Hal: Tribe completes sweep of sinking Reds

When defense deserts the Cincinnati Reds, it is evident that things are at rock bottom.

If nothing else these days, the Reds can be counted upon to play good defense and most of the time they play great defense.

That wasn’t the case Sunday afternoon in Cleveland. The Reds did a great impression of the Columbus Crew soccer team, kicking the ball all over the stadium.

They made three errors and second baseman Brandon Phillips fumbled two balls that should have been double plays.

After all the miscues were calculated, the Reds had lost for the eighth straight time, a 5-2 decision to the Cleveland Indians, the occupants of last place in the American League Central. And it completed a three-game sweep by the Tribe and the Reds went 0-5 on a trip through Kansas City and Cleveland.

Four of the first five Indians runs scored via errors or misplays by the Cincinnati defense.

Raisel Iglesias, a stand-in for sore forearmed Johnny Cueto, struggled with his control but pitched well enough to win.

Iglesias could make it only through three innings because it took him 83 pitches to get there. He struck out six, but went to three-ball counts on a lot of them, and walked three.

And the offense? What offense? During their eight-game losing streak the Reds have been outscored 54-19. They were 0 for 6 with runners in scoring position Sunday and 1 for 19 during the three games in Progressive Field.

The Reds had two hits in the first inning against Cleveland starter Trevor Bauer, a one-out single by Skip Schumaker and a two-out single by Todd Frazier. But with two outs and runners on first and third, Jay Bruce grounded to the pitcher.

Iglesias struck out the first two hitters he face, then walked two before getting the third out in the bottom of the first.

The Tribe put runners on second and third via two hits with two out in the second before Iglesias struck out Jason Kipnis on three pitches.

Then the Reds began playing kickball in the third and it led to two runs. Carlos Santana doubled to lead off the inning and with one out Brandon Moss walked.

David Murphy hit a possible double play ball right at first baseman Joey Votto. But the ball skipped off his glove and a run scored. It was ruled a hit but was definitely playable.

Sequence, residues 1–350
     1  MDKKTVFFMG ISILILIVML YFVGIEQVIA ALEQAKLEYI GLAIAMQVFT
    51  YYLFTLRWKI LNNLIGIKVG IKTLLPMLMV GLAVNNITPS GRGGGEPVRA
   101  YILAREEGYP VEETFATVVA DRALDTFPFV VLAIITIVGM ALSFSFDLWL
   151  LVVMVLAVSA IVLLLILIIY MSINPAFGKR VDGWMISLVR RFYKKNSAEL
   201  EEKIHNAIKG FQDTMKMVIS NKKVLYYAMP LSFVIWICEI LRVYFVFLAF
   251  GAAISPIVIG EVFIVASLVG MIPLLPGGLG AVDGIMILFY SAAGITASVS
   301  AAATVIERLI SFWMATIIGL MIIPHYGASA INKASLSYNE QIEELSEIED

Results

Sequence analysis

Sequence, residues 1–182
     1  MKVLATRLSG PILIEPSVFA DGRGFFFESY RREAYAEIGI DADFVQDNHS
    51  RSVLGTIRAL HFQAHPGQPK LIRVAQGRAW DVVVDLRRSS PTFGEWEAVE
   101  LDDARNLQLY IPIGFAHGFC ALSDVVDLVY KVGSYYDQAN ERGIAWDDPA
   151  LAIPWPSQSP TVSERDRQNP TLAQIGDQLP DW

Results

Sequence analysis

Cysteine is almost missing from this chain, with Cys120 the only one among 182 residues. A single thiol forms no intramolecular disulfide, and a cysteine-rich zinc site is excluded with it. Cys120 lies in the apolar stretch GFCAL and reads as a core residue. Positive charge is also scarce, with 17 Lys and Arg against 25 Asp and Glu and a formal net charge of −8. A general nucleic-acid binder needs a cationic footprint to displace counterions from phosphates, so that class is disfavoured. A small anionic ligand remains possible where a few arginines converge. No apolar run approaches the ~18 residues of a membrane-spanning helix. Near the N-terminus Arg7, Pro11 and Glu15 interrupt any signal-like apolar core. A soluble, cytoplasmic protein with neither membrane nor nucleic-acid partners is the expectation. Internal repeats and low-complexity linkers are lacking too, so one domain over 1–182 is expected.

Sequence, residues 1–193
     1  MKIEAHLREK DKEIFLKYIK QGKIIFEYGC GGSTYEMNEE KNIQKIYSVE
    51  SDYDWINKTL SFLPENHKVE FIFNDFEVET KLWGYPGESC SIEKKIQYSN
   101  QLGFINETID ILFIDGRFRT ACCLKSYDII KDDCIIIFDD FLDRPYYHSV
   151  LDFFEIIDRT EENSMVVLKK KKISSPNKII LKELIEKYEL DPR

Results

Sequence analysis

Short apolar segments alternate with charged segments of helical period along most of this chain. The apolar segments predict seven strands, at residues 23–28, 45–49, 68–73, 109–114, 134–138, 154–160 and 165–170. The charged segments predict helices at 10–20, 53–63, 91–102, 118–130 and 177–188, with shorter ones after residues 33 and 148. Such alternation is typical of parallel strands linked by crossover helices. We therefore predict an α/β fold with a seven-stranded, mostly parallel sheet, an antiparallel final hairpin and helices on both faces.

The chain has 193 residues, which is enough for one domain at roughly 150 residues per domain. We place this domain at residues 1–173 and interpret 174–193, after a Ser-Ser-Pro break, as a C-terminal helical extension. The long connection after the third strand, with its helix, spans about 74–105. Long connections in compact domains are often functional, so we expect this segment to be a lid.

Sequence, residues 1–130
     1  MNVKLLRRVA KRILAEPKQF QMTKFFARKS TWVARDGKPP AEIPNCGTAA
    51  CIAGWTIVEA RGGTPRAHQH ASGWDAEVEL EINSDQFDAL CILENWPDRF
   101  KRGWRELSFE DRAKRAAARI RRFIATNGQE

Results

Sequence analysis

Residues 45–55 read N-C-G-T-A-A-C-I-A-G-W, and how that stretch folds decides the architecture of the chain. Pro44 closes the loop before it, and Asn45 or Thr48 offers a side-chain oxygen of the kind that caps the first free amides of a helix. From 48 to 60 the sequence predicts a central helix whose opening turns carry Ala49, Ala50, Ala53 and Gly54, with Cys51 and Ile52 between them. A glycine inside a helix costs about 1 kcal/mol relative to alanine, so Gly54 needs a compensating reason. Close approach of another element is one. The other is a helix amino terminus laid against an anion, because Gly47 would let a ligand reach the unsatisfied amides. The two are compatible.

Nick Swisher hit another double play ball to Phillips at second base, but the ball kicked off his foot into right field, an error and another run and a 2-0 Indians lead.

More defensive ugliness surfaced in the sixth with J.J. Hoover on the mound. Yan Gomes grounded to the mound and the ball ricocheted off Hoover’s glove for an error.

Lonnie Chisenhall hit a double play grounder right at Phillips at second, but he fumbled the ball and recovered in time to get Chisenhall at first, but botched the double play.

Hoover walked Mike Aviles and Kipnis to fill the bases. Michael Brantley hit one hard to first base and Votto made a diving stop. But the throw eluded Hoover, covering first base, and rolled far enough away that two runs scored to make it 4-0. Votto was charged with the error although it looked as if Hoover should have caught it.

The Reds finally scored in the seventh when designated hitter Marlon Byrd hit his ninth homer, a solo shot that cut it to 5-1.

Aroldis Chapman, who hasn’t had a save opportunity in 10 days, pitched the eighth to get work and tune up. And he gave up a run on a double to Kipnis and a single to Santana that pushed it back to a four-run deficit at 5-1.

The Reds scored a run in the ninth against closer Cody Allen on a one-out walk to Bruce and a double by Brayan Pena. It ended when Byrd grounded to third and Brennan Boesch, batting .111, struck out.

Manager Bryan Price once again tinkered with the lineup and once again it didn’t work. He had Schumaker in left field, Boesch in center for Billy Hamilton, who jammed his hand and shoulder sliding head first into second base Saturday night, and Kristopher Negron at shortstop in place of Zack Cozart, 1 for his last 26.

Boesch, batting .121 when the game began, batted eight and Negron, batting .115 when the game began, batted ninth. Schumaker was 1 for 4, Boesch was 0 for 4 and Negron was 1 for 3 as the Reds scraped together six hits.

Price was blunt after the game during his post-game interview with Fox Sports Ohio’s Jim Day.

“I apologize to all the fans who drove from Cincinnati to see this,” he said. “It was brutal. We are all brutal right now.”

And nobody argued.

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